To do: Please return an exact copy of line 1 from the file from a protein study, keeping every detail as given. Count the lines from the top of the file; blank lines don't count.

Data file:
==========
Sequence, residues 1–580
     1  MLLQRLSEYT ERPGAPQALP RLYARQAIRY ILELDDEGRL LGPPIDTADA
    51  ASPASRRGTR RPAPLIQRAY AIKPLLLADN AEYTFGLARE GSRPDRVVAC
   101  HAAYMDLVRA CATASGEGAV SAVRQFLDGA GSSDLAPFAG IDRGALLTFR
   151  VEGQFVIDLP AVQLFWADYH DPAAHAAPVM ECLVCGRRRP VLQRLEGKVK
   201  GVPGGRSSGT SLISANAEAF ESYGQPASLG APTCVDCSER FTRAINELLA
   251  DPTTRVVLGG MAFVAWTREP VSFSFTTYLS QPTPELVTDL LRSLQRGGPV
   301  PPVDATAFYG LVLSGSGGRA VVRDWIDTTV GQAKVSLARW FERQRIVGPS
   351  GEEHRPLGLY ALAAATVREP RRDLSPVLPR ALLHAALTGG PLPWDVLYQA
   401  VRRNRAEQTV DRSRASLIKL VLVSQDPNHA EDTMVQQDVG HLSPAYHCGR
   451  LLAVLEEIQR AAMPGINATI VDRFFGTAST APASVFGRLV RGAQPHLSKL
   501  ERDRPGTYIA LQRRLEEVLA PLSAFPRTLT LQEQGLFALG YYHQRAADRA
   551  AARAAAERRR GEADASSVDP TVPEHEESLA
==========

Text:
Sequence, residues 1–580